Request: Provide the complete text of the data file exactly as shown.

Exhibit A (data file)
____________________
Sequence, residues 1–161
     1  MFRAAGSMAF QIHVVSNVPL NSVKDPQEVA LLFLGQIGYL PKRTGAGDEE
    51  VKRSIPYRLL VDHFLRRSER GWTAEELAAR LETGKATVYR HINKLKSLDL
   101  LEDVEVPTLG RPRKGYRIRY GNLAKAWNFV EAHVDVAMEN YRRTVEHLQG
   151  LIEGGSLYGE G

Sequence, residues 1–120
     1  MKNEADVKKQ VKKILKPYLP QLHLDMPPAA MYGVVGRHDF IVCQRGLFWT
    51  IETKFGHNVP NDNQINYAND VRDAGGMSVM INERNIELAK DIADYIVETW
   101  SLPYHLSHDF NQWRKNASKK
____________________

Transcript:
Sequence, residues 1–161
     1  MFRAAGSMAF QIHVVSNVPL NSVKDPQEVA LLFLGQIGYL PKRTGAGDEE
    51  VKRSIPYRLL VDHFLRRSER GWTAEELAAR LETGKATVYR HINKLKSLDL
   101  LEDVEVPTLG RPRKGYRIRY GNLAKAWNFV EAHVDVAMEN YRRTVEHLQG
   151  LIEGGSLYGE G

Sequence, residues 1–120
     1  MKNEADVKKQ VKKILKPYLP QLHLDMPPAA MYGVVGRHDF IVCQRGLFWT
    51  IETKFGHNVP NDNQINYAND VRDAGGMSVM INERNIELAK DIADYIVETW
   101  SLPYHLSHDF NQWRKNASKK